The flash release of the Eurozone PMIs for June will be on investors’ radar on Friday at 0800 GMT. After the European Central Bank chief, Mario Draghi, gave his clearest indication yet on Tuesday that more stimulus could be on the way, the PMI data will be watched closely for possible signs that Eurozone growth is stagnating again. In the meantime, there is some relief for the euro as the Federal Reserve makes an even bigger dovish turn than the markets were anticipating, pushing the US dollar down.
Risks to Eurozone growth and inflation rising
The Eurozone’s economy may have expanded by a solid 0.4% quarter-on-quarter in the first three months of the year, but the second quarter is already proving more challenging. Rising trade tensions and slowing growth in other parts of the world are weighing on the bloc’s economy, particularly Germany’s, which is heavily exposed to China. The Bundesbank (Germany’s central bank) recently said it expects the German economy to contract slightly in the second quarter. The ECB is all too aware of the risks to growth and inflation and has been forced to backtrack on its normalization plans, and even contemplate loosening policy soon.
Steady PMIs predicted for June
The flash PMIs for June should complete the data for the second quarter and give some idea how the euro area performed during the period. The manufacturing PMI is forecast to edge up slightly from 47.7 to 48.0, though being below 50, that would still represent a decline in activity in the sector. The services PMI is expected to stay unchanged at 52.9, while the composite PMI, which combines both the services and manufacturing sectors, is also forecast for no change at 51.8, suggesting no improvement in overall economic activity in June.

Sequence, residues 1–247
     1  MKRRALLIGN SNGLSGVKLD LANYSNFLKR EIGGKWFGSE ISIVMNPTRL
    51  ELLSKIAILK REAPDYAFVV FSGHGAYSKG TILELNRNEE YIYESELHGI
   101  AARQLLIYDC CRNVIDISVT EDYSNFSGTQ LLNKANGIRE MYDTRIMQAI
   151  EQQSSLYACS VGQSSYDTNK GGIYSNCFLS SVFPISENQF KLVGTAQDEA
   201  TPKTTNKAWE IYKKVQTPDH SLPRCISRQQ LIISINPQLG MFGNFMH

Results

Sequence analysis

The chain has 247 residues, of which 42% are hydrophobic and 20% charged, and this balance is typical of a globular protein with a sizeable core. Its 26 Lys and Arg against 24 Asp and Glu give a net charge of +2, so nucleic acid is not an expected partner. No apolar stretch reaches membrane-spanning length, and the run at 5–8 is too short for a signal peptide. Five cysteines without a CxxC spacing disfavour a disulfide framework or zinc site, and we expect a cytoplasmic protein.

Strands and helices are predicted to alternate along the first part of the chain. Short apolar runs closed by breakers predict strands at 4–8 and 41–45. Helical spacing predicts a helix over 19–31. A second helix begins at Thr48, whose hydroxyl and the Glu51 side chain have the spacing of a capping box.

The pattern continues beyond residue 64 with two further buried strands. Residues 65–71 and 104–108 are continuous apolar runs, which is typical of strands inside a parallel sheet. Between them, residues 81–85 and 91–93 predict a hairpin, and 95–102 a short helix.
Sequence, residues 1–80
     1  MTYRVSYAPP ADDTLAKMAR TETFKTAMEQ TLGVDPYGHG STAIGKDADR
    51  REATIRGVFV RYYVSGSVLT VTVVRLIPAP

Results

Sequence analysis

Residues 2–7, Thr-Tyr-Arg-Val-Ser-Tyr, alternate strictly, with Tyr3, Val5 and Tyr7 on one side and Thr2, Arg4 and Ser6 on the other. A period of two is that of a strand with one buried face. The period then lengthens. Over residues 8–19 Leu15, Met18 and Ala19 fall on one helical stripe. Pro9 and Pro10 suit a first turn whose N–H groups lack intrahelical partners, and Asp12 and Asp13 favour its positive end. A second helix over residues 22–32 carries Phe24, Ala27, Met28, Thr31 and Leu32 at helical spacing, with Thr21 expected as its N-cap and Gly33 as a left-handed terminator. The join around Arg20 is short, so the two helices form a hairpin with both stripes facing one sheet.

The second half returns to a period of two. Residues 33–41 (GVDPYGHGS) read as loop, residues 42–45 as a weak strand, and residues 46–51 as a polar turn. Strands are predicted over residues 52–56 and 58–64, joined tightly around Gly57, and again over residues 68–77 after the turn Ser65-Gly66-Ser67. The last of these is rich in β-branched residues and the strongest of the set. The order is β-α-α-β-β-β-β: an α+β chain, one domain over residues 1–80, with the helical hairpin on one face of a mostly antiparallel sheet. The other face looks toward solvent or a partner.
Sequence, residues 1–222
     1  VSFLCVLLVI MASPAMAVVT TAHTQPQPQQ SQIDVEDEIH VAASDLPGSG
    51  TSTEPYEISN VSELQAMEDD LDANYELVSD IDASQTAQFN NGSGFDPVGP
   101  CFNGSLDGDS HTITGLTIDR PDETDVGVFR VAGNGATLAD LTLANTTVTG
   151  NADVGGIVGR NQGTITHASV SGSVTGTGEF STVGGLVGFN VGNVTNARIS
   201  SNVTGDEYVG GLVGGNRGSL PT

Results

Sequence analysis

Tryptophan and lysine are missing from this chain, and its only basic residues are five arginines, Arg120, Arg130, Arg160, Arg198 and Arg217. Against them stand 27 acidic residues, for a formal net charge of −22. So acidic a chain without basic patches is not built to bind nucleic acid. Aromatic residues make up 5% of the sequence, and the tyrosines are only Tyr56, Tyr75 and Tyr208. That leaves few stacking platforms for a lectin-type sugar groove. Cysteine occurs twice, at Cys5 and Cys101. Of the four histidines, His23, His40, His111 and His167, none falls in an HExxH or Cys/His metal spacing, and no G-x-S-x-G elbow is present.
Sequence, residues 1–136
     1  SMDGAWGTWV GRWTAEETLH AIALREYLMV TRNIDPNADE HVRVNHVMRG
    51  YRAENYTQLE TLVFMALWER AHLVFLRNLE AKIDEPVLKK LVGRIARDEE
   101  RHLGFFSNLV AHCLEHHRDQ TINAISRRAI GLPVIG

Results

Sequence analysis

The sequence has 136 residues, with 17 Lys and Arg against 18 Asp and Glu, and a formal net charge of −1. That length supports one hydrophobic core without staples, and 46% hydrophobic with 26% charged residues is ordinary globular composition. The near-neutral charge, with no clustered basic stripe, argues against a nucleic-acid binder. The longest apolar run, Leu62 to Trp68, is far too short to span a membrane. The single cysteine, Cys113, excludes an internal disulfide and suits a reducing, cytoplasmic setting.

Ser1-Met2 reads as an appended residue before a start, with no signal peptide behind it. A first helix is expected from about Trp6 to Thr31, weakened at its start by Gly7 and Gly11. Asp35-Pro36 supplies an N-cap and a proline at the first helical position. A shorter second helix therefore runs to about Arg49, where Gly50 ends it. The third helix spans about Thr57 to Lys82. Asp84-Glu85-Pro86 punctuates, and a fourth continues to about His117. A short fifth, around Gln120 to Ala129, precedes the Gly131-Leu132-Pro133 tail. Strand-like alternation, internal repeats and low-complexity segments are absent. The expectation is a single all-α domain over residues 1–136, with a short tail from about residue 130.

Although such PMI readings alone are unlikely to alarm ECB policymakers, when taken into consideration with falling inflation, the central bank risks a further delay in lifting inflation to its target of close to but below 2%. More worrying for the ECB is the sharp drop in inflation expectations since late last year, so without a significant acceleration in growth, neither market-based expectations nor actual measures of inflation are likely to rise.
Draghi does a U-turn
Mario Draghi may only have a few months left in his term as President but appears ready for a major policy U-turn. Speaking in Portugal at the ECB’s annual Central Banking Forum earlier this week, Draghi told the audience “In the absence of improvement, such that the sustained return of inflation to our aim is threatened, additional stimulus will be required”.
The euro initially fell on Draghi’s remarks but was able to rebound as the Fed later also signalled that it could ease policy soon. With the ECB having less bandwidth than the Fed to cut rates and purchase additional bonds, the single currency may not see the same degree of downside as with previous times the Bank eased policy if the Fed is cutting rates simultaneously.
Limited downside for euro
In the immediate term, the euro could come under some selling pressure if the PMIs miss expectations by a big margin. The June low of $1.1179 is the critical support to watch that could break the euro’s current upswing. However, should the PMI numbers impress and point to a steady growth picture, the euro could extend its positive momentum to reclaim the $1.13 handle and challenge the recent top $1.1347.